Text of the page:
Balloonists for hire have landed on her property without authorization three times in the last year, according to Fonte, who also has traced balloon skid marks along several parts of the nearby, and environmentally protected, Lusardi Creek Preserve.
Furthermore, balloon companies said a root cause of local communication problems and complaints stemmed from development in the area depriving them of once available open space landing areas.
Due to the fly-by-sunset nature of the commercial balloon ride for profit industry, it was impossible to determine how many companies offer such services locally. However, those involved in the industry put the number of operators at around nine. About four, or five, operate from San Diego County with the remainder based in the Temecula area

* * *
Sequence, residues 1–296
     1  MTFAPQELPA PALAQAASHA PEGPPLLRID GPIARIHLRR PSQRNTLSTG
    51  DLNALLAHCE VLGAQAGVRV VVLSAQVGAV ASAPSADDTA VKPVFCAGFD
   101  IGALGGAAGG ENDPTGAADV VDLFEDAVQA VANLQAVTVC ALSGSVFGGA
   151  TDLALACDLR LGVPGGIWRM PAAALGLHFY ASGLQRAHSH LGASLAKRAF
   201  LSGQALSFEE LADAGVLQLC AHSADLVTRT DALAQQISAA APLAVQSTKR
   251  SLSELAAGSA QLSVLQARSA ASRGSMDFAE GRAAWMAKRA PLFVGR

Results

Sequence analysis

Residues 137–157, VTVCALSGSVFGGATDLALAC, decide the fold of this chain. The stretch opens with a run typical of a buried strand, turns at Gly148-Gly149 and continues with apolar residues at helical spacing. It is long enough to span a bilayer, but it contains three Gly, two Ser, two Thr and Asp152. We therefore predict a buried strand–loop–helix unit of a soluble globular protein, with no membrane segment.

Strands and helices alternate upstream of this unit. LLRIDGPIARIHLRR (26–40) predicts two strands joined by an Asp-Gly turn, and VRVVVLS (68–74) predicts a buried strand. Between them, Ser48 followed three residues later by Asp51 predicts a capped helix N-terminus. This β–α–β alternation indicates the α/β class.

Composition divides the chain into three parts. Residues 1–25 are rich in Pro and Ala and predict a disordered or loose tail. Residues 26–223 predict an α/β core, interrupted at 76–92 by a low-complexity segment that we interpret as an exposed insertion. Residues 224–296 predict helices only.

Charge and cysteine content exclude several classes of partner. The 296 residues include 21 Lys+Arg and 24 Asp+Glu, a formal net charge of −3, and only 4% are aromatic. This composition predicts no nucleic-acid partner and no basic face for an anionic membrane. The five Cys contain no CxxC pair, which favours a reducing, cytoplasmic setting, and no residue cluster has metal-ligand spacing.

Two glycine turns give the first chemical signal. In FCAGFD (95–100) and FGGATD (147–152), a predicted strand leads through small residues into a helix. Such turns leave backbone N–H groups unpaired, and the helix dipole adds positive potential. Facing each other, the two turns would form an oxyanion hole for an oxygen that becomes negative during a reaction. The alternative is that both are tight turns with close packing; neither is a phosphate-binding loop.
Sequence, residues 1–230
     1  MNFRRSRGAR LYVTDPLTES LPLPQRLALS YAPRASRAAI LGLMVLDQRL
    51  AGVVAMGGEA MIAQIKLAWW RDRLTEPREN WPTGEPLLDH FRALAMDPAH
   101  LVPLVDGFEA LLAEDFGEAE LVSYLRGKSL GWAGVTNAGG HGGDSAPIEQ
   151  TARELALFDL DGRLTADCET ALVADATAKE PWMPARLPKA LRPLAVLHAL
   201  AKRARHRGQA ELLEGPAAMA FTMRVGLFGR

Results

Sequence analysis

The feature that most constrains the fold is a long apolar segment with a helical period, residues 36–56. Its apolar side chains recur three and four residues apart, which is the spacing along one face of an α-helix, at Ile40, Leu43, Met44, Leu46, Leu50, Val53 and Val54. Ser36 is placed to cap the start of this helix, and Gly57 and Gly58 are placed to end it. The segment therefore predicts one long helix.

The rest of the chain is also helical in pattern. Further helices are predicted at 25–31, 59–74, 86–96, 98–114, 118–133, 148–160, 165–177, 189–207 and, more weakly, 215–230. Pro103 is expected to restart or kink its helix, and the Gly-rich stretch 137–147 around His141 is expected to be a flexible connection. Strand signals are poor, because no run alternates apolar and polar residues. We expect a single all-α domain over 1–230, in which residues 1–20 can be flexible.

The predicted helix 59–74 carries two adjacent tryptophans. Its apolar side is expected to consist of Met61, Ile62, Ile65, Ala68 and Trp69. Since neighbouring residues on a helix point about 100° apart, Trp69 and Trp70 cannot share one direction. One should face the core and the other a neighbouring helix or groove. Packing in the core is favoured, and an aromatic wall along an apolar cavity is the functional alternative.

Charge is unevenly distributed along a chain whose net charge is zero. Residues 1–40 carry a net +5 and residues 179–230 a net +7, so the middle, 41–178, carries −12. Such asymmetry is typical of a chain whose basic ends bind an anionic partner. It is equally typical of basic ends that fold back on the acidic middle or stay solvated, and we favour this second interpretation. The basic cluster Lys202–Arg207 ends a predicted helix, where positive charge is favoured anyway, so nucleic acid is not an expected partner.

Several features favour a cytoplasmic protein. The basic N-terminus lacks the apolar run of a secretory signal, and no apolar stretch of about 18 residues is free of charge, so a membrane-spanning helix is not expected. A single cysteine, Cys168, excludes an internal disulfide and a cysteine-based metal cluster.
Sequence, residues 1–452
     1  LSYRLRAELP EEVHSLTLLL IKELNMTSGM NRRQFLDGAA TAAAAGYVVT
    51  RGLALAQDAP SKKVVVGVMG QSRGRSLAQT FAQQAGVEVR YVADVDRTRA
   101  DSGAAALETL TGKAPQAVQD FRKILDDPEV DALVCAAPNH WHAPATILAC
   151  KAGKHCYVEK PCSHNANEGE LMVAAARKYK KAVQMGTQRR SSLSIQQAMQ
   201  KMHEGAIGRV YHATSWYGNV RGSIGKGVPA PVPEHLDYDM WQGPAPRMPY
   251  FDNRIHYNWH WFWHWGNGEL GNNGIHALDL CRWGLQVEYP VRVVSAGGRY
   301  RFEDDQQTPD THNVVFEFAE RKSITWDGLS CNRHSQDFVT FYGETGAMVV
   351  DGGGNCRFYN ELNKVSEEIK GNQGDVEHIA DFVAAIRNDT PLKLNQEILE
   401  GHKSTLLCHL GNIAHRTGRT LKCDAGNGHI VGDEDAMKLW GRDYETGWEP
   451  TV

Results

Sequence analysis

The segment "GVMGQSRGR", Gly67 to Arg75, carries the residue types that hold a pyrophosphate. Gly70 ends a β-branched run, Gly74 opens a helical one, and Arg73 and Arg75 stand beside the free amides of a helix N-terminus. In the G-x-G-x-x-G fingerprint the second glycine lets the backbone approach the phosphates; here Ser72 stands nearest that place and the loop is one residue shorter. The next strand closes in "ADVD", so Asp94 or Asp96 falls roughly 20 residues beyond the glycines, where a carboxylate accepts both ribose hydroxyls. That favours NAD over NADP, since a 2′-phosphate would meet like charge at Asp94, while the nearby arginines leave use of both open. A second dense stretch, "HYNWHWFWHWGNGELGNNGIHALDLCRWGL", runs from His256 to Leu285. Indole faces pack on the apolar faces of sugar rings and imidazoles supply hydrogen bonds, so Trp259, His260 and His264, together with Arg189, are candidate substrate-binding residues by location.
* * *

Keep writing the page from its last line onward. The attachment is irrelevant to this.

Generally, they offer flights along the Pacific Coast through Carmel Valley and into the Rancho Santa Fe area, starting around dusk and taking place on weekends.
Rides offer champagne or cider, photo opportunities and tours, generally lasting from 30 minutes to several hours. Costs vary but generally are around $80 per person for a half-hour ride to $200, or more, for an hour. A private charter may cost around $650 to $800 for one to two hours.
These businesses typically operate out of homes and meet customers at pre-designated open field areas. Currently, many meet customers near Flower Hill Mall off Via de la Valle or near MiraCosta College off Manchester Road in Olivenhain.
Local operators included Rancho Santa Fe resident Frank Reed and Sunballoon, Connie Von Zweck of Skysurfer from Del Mar, David Bradley of Temecula-based California Dreamin', Panorama Balloon Tours with a Del Mar post office box and apparent home-based location in Carlsbad, Sky's the Limit operated by James Lawson out of Encinitas and Balloon Addicts, location unknown.